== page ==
One hundred and fifty seven

Felt Pieces

c2000 by Robert Morris
Sonnabend Gallery, NYC until end of July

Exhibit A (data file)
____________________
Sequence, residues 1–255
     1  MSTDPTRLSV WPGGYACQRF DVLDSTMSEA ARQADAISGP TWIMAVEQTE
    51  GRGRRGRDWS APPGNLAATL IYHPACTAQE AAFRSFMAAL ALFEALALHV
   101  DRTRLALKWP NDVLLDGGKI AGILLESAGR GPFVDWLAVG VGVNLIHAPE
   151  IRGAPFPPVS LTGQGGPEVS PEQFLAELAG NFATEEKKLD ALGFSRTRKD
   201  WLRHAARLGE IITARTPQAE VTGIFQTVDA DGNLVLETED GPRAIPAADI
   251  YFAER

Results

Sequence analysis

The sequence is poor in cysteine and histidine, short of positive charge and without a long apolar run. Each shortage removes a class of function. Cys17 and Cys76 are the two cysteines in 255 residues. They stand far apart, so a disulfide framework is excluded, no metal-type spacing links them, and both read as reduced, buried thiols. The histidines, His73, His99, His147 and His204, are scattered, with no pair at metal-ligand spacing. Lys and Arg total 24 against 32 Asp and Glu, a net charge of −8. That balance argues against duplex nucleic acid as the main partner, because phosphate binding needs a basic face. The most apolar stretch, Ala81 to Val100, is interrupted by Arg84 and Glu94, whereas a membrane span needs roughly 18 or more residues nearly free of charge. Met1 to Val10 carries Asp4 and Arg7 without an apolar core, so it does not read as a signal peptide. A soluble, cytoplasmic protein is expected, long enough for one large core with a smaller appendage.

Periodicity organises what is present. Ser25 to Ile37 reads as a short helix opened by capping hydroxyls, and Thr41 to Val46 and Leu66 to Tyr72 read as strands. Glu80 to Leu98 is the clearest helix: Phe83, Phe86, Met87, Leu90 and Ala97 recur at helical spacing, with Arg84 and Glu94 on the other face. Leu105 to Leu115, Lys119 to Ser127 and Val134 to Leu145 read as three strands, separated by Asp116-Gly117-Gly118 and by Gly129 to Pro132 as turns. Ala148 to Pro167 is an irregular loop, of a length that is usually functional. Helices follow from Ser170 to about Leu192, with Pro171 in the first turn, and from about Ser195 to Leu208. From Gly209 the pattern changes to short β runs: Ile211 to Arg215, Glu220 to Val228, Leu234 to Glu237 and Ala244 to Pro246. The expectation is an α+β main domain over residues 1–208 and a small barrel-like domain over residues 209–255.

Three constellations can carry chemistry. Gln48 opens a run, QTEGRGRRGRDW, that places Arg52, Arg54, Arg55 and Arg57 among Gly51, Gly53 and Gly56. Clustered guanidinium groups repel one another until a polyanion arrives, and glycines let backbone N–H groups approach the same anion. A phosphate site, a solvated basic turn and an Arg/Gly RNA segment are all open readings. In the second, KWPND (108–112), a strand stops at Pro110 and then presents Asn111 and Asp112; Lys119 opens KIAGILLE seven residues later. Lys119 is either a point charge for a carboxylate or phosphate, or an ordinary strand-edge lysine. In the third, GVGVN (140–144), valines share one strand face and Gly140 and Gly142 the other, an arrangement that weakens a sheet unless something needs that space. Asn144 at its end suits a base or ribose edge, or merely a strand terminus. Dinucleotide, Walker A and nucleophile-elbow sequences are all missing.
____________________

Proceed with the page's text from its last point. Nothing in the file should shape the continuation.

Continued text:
Morris’s felt installations are his first new works in felt since the 1990s, a material he has been working with since 1967. They do not fail to impress. Large and imposing they confront the viewer immediately, in both awesome stature and bold colour. These pieces are carried by the substance and weight of the characteristic material Morris works with; the felt is heavy, possessing a density, a presence in mass, which is felt throughout the design of the piece. The felt is cut in large swathes, returning upwards in large loops that are held not by gravity but by the heaviness of the mass of material, bunching with its weight upon the floor. The alternating of red and black, the clear and bold colour change, only emphasises this weight, drawing our attention to the luxurious amount of material on show. Colour is strong, assuming, reflective of the material, and echoes of regiment or religion in its connotation-filled contrast. This presence of clothing or uniform is then picked up with the wing like structures either side of the central ‘hood’; they present, offer us a display, holding out for us this design like a uniformed and ceremonial lineup. Whether intentional or not, there is a personification in the central ‘hood’ that encourages this viewpoint; we cannot help but see a faceless figure holding out arms, so used are we in trying to associate structures with imitations of people. This cloaked nobody, only visible in excess of fabric and possessing no body mass that we can see, adds an air of mystery, of mysticism, to the piece, the black and red becoming exotic with an element of Eastern promise.


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